Wednesday, May 04, 2011

Cedric Morris

I must confess the main reason I like Swansea artist Cedric Morris is because he was a fop with cool hair. He was certainly no stylistic innovator. Nor was he a genius with a prodigious talent. In fact he ended up becoming an artist after attempts to join the army, and later to become a singer, failed. He even endured stints as a dishwasher and bellboy in New York.

In 1918 he met Arthur Lett-Haines who would become his lifelong companion and lover. Lett-Haines was married at the time but he soon ditched the missus and the two young gentlemen went to live in Cornwall. In 1920 they re-located to Paris where they mixed in the same circles as Hemmingway, Marcel Duchamp, Nancy Cunard and Man Ray. For the next 5 years Morris learnt to become a painter studying at the Academies Moderne and La Grande Chaumiere. Before long he had established his own painting style.

Following successful exhibitions in London in 1925 and 1927, Morris and Lett-Haines moved back to the English capital, setting up a studio in Great Ormond Street. They became a fixture on the London arts scene and were famous for hosting dazzling parties. However, Morris hankered after the country life, as he wanted to pursue his keen interest in horticulture. In 1929 he and Lett-Haines leased Pond Farm in Suffolk, giving up their London studio altogether a year later.

Morris turned Pound Farm into a rural idyll, developing the gardens in spectacular fashion. He would soon attain an international reputation as a plantsman and would even have flowers named after him. But Morris never forgot his own roots. In the thirties he regularly visited Wales on painting trips; initiated a touring exhibition of Welsh art; and taught at an arts centre in Merthyr Tydfil. He also joined the Labour party, moved by the plight of the people in the south Wales Valleys during the Depression.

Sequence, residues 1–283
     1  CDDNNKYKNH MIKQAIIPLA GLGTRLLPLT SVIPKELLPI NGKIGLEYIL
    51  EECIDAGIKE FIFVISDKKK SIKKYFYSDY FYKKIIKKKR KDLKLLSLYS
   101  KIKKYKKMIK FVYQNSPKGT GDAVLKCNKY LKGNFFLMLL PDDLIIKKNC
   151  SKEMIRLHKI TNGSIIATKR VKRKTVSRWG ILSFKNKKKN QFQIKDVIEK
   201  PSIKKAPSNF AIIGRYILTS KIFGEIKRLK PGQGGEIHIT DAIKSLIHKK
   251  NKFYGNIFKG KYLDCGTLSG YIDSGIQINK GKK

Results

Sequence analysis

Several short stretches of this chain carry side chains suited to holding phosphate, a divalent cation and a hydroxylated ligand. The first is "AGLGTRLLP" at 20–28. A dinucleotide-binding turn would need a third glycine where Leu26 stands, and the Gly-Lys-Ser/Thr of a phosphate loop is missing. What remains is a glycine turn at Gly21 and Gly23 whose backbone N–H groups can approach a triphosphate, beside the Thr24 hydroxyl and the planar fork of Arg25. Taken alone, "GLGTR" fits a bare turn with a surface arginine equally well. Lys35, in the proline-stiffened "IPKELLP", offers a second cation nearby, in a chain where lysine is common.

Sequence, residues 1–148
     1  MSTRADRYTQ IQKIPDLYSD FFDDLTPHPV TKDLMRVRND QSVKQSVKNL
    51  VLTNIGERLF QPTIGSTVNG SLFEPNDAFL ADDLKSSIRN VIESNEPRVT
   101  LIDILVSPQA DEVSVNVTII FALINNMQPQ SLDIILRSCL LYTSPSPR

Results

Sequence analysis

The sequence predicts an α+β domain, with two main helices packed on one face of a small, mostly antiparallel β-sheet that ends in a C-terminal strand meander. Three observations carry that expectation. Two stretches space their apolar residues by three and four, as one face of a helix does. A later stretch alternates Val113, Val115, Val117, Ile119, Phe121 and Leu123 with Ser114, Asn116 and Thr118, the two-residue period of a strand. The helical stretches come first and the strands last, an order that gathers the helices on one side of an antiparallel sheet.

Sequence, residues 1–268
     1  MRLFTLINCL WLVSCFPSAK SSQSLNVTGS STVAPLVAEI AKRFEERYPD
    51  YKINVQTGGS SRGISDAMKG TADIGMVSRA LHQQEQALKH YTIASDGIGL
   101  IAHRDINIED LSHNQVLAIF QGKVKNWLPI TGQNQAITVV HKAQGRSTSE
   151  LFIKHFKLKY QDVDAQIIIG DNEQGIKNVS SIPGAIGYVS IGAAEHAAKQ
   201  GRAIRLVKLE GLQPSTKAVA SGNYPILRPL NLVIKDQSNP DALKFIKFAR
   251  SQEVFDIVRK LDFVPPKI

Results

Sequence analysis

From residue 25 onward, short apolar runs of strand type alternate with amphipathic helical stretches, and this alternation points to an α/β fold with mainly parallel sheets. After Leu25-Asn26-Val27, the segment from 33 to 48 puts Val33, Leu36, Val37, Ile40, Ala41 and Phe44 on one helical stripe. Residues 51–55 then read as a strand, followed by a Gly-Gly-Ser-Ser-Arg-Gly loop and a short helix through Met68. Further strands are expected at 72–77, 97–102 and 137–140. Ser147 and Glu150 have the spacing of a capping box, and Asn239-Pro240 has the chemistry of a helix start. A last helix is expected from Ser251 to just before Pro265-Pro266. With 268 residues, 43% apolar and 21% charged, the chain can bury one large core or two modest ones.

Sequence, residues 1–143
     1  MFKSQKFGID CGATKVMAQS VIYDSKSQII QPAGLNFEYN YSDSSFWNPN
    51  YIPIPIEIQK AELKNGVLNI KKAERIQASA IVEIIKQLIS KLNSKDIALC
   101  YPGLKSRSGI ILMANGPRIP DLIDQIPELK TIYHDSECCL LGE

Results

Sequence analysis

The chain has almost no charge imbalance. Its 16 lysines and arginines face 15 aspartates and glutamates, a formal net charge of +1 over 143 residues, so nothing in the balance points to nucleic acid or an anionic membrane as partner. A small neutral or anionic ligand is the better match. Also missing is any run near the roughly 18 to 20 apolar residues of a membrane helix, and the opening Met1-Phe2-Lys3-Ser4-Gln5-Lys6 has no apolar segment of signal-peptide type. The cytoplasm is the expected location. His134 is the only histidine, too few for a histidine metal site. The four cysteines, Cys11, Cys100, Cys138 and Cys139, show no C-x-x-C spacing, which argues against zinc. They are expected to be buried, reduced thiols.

In 1937 Morris and Lett-Haines opened the East Anglian School of Painting and Drawing, at Dedham. When the building burned down two years later the school was re-established at Benton End. Its two most noted students were Lucian Freud and Maggi Hambling. No house-style prevailed at Benton End - artists were instead encouraged to pursue their own vision. Lessons took place outdoors amongst the wandering peacocks and cockatoos. There was also much dancing to Latin-American gramophone records.

Cedric Morris died in 1982. He is most remembered for his flower paintings and portraits. Above is his portrait of the artist Lucian Freud completed in 1940 and which is now in the Tate collection.